Britz: another exposition

Having watched the second episode of Britz, sister Safiya posted a second article outlining its inconsistencies. She concludes that the programme is “prejudiced garbage” and that the Muslims involved in it should be ashamed. I agree. She points out a few issues I’d not noticed, such as the fact that the “covenant” the bomber took made no mention of Allah and the fact that all the Muslim characters were either nominal Muslims or extremists, with nothing in between.

I have a couple other qualms regarding the “realism” of this programme:

  • The issue of a woman being subject to a control order because a bulk quantity of curry powder was found in her family’s house seems like an attempt to emotionally manipulate us. While it is true that people were convicted of IRA terrorist activity in the 1970s on the basis of explosive being found on their fingers, which was actually derived from common household cleaning products, no such event as shown in Britz has happened as yet and, surely, the fact that curry powder is widely used in Asian cooking would surely occur to the authorities when issuing a control order.

  • I also find Sabia’s suicide unlikely given that the length of time she had spent under the control order was not that long and that it wasn’t stringently enforced; she was able to go to college and Nasima, who she was banned from meeting, nevertheless managed to sneak in at night.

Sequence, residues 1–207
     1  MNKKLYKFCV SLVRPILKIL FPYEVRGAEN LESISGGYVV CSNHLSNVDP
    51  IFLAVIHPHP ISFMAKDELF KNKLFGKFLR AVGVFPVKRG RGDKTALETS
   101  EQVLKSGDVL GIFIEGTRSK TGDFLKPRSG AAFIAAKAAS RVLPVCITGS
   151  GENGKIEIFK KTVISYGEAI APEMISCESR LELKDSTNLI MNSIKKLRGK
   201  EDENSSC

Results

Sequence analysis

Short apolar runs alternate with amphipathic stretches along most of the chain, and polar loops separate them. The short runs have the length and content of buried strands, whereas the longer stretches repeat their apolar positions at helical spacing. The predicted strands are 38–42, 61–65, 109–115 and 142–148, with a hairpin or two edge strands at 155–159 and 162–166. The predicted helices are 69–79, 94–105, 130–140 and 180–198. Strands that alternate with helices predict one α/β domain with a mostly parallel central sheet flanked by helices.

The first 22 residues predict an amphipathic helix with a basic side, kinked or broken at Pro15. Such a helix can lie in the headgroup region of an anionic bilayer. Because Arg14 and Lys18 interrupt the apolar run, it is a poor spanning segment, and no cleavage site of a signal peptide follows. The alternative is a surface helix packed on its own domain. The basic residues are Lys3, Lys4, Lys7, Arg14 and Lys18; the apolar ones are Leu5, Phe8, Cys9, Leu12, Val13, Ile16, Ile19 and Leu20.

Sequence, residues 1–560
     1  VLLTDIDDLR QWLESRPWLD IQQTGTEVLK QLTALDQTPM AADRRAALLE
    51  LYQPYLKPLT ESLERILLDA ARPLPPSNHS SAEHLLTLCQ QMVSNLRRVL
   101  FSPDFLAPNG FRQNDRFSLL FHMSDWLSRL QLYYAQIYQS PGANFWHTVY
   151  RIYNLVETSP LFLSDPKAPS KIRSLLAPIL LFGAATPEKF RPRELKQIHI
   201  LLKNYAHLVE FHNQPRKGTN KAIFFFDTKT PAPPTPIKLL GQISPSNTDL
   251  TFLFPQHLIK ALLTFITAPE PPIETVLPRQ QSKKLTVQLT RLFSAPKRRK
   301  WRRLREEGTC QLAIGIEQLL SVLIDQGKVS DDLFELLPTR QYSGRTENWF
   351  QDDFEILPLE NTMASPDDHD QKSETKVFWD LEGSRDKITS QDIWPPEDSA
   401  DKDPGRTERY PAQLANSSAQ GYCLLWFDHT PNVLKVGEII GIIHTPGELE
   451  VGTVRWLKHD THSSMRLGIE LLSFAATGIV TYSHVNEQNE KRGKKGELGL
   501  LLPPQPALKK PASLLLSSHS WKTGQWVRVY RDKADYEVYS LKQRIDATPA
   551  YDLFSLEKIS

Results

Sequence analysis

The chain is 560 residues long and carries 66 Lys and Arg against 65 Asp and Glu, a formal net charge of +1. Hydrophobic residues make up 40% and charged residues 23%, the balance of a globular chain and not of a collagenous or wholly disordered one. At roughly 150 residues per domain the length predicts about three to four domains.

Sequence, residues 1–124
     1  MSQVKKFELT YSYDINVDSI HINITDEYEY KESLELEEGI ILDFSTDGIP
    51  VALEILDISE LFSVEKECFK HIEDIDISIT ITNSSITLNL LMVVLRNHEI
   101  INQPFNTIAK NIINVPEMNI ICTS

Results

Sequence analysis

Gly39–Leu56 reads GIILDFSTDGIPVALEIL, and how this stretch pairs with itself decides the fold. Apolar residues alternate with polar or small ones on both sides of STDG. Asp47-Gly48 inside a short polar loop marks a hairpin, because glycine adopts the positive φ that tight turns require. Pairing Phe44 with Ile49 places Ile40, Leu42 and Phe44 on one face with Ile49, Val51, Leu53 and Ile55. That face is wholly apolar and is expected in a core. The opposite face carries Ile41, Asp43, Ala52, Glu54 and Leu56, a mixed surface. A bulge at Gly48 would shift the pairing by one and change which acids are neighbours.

• Then there is the issue of how the “Nasima lookalike” ended up dead, and not only dead but “interfered with”. This is not at all explained, but I find it difficult to believe that even Muslims who would kill for political reasons would simply kidnap an innocent woman, sexually assault her and then murder her, for no other reason than to make it look like one of their bombers was dead, if that is what we are expected to believe. I have never heard of it happening or (unlike terrorism itself) anyone trying to justify it.

Parts of Britz could have rung true if it had been presented at some time in the near future as some sort of cautionary tale about where the Blair control order laws could lead, but it was not; it was set now, and the terrorist plots arose directly out of the July 2005 bombings. As it was, it gave a distorted picture of what Muslims are like while apparently trying to manipulate us with exaggerated details about control orders. Whatever the political standpoint of its authors, this drama was not very good.

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